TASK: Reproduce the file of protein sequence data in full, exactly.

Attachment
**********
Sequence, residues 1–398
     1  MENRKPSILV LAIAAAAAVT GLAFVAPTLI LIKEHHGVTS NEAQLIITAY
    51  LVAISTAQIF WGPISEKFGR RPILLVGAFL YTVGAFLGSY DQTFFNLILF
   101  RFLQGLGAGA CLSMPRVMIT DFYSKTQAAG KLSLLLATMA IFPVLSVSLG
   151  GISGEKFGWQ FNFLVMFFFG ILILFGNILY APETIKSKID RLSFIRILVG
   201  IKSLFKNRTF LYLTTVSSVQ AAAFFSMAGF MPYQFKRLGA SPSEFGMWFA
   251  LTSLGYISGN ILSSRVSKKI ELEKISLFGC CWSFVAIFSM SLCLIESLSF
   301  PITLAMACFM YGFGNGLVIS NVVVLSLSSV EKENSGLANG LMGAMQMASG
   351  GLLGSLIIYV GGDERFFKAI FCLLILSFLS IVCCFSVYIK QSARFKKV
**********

Sequence, residues 1–398
     1  MENRKPSILV LAIAAAAAVT GLAFVAPTLI LIKEHHGVTS NEAQLIITAY
    51  LVAISTAQIF WGPISEKFGR RPILLVGAFL YTVGAFLGSY DQTFFNLILF
   101  RFLQGLGAGA CLSMPRVMIT DFYSKTQAAG KLSLLLATMA IFPVLSVSLG
   151  GISGEKFGWQ FNFLVMFFFG ILILFGNILY APETIKSKID RLSFIRILVG
   201  IKSLFKNRTF LYLTTVSSVQ AAAFFSMAGF MPYQFKRLGA SPSEFGMWFA
   251  LTSLGYISGN ILSSRVSKKI ELEKISLFGC CWSFVAIFSM SLCLIESLSF
   301  PITLAMACFM YGFGNGLVIS NVVVLSLSSV EKENSGLANG LMGAMQMASG
   351  GLLGSLIIYV GGDERFFKAI FCLLILSFLS IVCCFSVYIK QSARFKKV